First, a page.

Sylvester Duncan, a nice little donkey who lives with his mother and father collects pebbles of interesting shapes and colors. One rainy day, he finds a most remarkable bright red, shiny, round pebble on Strawberry Hill and as he examines it, feeling the cold rain on his back, he wishes it would stop raining. And it does. In the blink of an eye, the rain is gone and the sun is shining. Sylvester realizes that he has found a magic pebble, one that grants wishes and he begins to think of all the wonderful things he and his family and friends can wish for to make their lives happier. But at that moment, he looks up and sees a hungry lion looking at him and panics. Instead of wishing that the lion would disappear, he wishes he were a rock. And he becomes a rock. Unfortunately, the magic pebble is lying on the ground next to him, not on him and so even though he wishes and wishes that he were back to his old self again, nothing happens. As summer turns to fall, fall turns to winter and winter to spring, poor Sylvester, the rock, is stuck up on Strawberry Hill, missing his parents and trying to find a way back to his old self..... Award winning author and illustrator, William Steig, has written a charming and tender story about the meaning of true happiness, that's perfect for youngsters 4-8. In his very gentle way, he lets children discover that it's not always what you want that will make you happy, but what you already have. This simple, magical text, coupled with his wonderfully expressive cartoon-like artwork will capture children's imaginations as they wait to see if Sylvester will ever find a way to make his most important wish come true, to turn back into his old donkey self and be with his family. Sylvester and the Magic Pebble is sure to become a classic and is a story your kids will want to read again and again.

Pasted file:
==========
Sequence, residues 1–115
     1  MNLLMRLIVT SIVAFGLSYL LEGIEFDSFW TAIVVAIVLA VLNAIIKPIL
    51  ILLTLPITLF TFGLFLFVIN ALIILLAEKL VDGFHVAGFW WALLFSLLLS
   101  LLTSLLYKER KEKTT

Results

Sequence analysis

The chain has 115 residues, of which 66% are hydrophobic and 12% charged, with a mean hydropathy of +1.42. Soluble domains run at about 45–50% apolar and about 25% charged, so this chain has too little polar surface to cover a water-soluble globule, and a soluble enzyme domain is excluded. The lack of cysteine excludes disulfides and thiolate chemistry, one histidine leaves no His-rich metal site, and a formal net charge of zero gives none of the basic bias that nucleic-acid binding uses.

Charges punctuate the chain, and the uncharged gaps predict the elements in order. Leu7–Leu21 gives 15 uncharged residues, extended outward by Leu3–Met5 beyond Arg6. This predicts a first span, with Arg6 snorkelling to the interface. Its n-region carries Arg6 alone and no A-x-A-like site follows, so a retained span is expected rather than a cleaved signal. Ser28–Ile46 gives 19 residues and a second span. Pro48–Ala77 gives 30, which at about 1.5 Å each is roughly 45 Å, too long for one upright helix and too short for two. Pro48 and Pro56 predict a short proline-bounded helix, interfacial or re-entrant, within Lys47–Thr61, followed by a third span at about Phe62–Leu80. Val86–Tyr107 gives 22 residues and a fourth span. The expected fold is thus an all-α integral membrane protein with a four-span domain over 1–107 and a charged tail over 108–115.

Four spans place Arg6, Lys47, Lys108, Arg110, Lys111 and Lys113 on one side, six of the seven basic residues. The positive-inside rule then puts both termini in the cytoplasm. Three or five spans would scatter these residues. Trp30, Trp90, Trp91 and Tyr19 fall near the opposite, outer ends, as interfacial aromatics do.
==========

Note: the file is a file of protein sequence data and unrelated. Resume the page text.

on November 12, 1997